An object is worth … what an appraiser can see from your pictures
An accurate appraisal begins with reliable source information. In the case of a smArt Appraisal, that information includes the photographs you submit.
Yes, words count for a lot, but images are often the most important descriptors you can provide for us to determine an object’s age and origin, culture and history.
A good photo will help us identify nuances such as the texture of a surface, paper fibers and the width of a margin on a print. It will reveal markings, impressions, quirks, signatures and other clues of authenticity. Enlarged, a photo can reveal traits that signify whether an object is rare or common, exceptional or ordinary.
In short, photos matter.
They do not, however, have to be intimidating. You don’t need to be the next Irving Penn or Laura Letinsky to take quality still photos of the objects you’d like appraised. However, to best serve you, we do need clear photographs that realistically depict your object.
This guide will walk you through the process of taking photographs of your objects that yield the most accurate appraisals.
Before you start shooting
A little sprucing goes a long way
The object will photograph better if it is clean. Gently remove excessive dust and dirt but be careful not to do anything that would damage the piece.
When submitting object photos, don’t forget to snap a shot of whatever paperwork you have that accompanies the object. Sales receipts, invoices, other correspondence that references the object’s value, as well as any provenance.
Also, shoot in color. Full-spectrum photography is necessary for evaluation. (Save the black-and-whites for art.)
When you're ready to shoot
Even, natural lighting is essential for a good appraisal. To ensure the lighting is even, place it above the object. Good, natural light is not too bright, not too low White light, such as that from an LED bulb, is preferable – it will reveal textured surfaces and other significant features.. When in doubt, just remember this rule of thumb: Frontal lighting flattens the surface texture while angular light emphasizes surface detail.
To avoid glares and reflections when photographing objects beneath or behind glass, shoot in a well-lit space and turn off the flash setting on your camera.
Never photograph an object in direct sunlight. It’s bad for the object and bad for the photography. It’s just bad.
Lastly, examine your photos for shadows and hotspots. These may obscure characteristics of the object that are critical in assigning an accurate estimate of the object.
Show us the scale
Scale can be conveyed in a photograph through the inclusion of a ruler, tape measure or even a standard-sized object like a quarter. All of these will help put the size of the object in perspective.
Focus should be as sharp as possible (so if you “occasionally” wear glasses, this is a good time to don them).. Some cameras have an autofocus feature that helps keep images crisp. The main image should include the object within a tightly focused frame and without cropped edges.
Avoid including other objects in the photograph, if possible. Plain white walls or a sheet of white paper/poster board are helpful backdrops. (Unless the object is white; see more below.)
Square it up
Make the main image of your object an overall, square-on shot.
By capturing the object square-on with right angles to the center of the piece, specialists can identify irregularities of shape.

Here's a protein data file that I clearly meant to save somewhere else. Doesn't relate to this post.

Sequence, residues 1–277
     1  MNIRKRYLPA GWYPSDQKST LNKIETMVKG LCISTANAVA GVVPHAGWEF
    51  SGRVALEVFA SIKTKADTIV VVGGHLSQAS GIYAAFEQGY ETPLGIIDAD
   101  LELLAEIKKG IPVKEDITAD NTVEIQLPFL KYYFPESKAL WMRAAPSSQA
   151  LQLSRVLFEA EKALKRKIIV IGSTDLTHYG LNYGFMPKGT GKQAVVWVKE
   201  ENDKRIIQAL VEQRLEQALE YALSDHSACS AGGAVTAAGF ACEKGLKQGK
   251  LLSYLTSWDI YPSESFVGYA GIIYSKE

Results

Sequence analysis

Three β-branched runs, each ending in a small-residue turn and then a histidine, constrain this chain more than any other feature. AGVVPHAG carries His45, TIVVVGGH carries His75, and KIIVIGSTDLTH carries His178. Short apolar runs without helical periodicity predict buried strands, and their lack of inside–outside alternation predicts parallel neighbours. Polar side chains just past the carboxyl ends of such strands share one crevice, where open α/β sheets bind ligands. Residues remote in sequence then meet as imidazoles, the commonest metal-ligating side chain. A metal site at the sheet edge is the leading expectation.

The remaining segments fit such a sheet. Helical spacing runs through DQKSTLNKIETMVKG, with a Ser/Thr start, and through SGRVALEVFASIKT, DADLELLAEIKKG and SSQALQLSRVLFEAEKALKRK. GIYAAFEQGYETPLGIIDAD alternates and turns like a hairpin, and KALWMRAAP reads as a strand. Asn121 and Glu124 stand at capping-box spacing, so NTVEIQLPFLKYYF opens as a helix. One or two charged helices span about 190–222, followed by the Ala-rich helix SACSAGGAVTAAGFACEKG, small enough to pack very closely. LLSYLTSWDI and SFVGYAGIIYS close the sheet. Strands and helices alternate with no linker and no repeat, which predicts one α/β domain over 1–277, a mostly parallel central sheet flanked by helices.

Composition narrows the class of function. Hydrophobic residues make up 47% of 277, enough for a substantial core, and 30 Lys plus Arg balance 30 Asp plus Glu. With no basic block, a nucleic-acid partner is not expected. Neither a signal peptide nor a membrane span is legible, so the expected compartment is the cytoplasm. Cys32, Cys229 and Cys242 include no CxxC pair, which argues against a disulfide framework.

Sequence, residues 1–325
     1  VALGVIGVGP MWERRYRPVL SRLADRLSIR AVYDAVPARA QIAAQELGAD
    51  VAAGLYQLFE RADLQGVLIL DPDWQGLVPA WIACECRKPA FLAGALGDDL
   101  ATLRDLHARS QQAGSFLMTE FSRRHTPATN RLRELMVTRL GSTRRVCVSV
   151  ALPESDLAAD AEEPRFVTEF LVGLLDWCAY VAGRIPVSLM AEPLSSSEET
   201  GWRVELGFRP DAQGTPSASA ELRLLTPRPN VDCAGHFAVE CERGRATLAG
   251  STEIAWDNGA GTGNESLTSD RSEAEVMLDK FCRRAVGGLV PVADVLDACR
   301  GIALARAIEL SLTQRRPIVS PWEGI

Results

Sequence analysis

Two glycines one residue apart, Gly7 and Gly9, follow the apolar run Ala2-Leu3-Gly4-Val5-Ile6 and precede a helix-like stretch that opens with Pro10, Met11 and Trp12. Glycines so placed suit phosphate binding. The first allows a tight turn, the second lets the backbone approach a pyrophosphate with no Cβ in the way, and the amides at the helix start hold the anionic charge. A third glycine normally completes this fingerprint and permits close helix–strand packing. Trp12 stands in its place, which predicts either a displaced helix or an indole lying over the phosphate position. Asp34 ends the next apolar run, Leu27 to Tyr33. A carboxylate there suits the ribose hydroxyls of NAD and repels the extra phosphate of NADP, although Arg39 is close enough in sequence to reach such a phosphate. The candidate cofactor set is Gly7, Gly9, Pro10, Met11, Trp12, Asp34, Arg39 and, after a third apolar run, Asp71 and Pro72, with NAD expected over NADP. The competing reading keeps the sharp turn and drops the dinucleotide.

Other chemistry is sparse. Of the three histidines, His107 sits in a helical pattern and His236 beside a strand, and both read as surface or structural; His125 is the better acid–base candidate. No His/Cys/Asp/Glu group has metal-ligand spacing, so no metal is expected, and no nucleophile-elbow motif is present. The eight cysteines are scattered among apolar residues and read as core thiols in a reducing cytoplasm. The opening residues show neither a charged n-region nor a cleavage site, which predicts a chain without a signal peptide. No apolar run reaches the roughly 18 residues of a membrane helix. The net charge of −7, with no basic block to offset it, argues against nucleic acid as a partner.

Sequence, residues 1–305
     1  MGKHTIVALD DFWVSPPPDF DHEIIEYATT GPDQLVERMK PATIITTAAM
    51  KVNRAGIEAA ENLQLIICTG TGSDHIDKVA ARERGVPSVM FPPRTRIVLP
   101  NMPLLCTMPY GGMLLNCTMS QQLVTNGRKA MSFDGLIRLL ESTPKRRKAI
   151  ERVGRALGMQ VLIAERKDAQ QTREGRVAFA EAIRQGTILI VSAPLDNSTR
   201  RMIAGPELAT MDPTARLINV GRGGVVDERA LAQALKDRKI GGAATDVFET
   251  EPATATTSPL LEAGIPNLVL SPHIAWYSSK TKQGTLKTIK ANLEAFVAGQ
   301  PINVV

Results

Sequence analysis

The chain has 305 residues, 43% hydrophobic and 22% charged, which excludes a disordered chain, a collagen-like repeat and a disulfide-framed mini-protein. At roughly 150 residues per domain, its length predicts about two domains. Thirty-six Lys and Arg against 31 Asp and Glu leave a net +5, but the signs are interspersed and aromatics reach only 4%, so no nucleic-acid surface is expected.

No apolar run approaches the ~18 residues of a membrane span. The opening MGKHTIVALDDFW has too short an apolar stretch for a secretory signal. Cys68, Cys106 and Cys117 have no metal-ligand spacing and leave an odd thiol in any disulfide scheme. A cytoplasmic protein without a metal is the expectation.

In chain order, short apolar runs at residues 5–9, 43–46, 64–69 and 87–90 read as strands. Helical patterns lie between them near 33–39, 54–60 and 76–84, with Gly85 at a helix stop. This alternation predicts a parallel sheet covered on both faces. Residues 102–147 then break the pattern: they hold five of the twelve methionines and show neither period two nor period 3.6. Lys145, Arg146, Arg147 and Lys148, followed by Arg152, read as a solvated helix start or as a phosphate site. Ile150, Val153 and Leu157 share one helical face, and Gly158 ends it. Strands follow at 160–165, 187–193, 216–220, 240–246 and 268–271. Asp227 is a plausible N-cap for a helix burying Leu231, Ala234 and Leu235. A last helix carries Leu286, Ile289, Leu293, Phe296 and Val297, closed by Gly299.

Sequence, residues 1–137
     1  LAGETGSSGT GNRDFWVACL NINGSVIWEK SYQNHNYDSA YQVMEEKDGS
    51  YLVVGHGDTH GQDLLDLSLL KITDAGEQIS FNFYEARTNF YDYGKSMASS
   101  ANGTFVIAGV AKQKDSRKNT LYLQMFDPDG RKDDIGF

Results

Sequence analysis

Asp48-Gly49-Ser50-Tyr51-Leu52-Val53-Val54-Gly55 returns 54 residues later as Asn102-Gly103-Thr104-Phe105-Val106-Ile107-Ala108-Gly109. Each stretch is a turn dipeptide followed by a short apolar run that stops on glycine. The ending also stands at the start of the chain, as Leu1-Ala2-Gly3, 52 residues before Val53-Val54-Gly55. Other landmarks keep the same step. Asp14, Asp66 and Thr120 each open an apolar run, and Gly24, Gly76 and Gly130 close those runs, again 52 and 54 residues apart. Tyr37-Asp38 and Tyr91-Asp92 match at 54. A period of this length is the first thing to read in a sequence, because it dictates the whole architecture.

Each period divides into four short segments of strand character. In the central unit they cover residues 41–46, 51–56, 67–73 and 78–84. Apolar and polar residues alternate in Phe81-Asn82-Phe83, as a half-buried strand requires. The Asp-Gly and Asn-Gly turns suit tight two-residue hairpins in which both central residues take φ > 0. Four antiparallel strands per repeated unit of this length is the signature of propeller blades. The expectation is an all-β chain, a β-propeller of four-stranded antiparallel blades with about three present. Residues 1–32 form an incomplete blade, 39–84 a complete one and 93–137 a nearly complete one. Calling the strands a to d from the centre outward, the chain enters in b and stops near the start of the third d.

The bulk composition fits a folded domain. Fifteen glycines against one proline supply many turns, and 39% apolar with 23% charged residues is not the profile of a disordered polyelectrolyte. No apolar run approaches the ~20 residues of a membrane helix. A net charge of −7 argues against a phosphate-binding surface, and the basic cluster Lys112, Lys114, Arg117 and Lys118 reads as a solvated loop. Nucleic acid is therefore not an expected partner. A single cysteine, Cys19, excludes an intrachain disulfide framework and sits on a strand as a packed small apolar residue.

Give us some background (but not too much)
If the object is framed then by all means include the the frame in the main image. Sometimes a period frame can provide our specialists with clues that could change the value. Background colors/tones should not obscure or clash with the object. If background is plain white or in contrast to the object it can help the specialist distinguish the object’s overall form.
Tell us the story
Choose a viewpoint – or viewpoints – that allow you to capture the maximum amount of information about the object. While the main image should be taken square on, additional photos are helpful to paint a more complete picture of the object’s character.
When photographing three-dimensional objects like furniture and sculpture, viewpoints should capture the object square-on and in three-quarter view.
In short, Specialists should be able to look at your photos and see the object from multiple angles.
Always shoot the underside of an object, even if there is not an apparent mark.
Example: the bottom of a vase, or underneath a table or chair. Photographs of the underside reveal construction details that help specialists identify the age, origin and means of manufacture – critical details to know when valuing the object.
Include distinguishing features – they can make or break your evaluation
Be sure to capture distinguishing features that identify the object uniquely, such as:
Such markings should be magnified in the photograph as much as possible. If you have a macro setting on your camera, apply it.
Choose substance over style
We rely on you to submit photographs that portray the object in its present and natural form. See a chip or crack? Show it in your photograph. A strange marking or scribble? Snap a photo and send it along with your submission. Don’t doctor photos with editing software – and don’t get too hung up on imperfect photography conditions. Do the best you can with what you’ve got.
The litmus test: Does the image accurately represent how this object appears? Would it convey its character to someone who has not seen it in person? If yes, then you’re well on your way to yielding the most informative and useful valuation from the pros.
As appraisers, we obsess over the smallest quirks, cracks and inconsistencies in an object – because working with large collections in the super-selective art market programs us to think this way. We want our appraisals, our words, to be worth as much as possible to you. And that often starts with a photograph.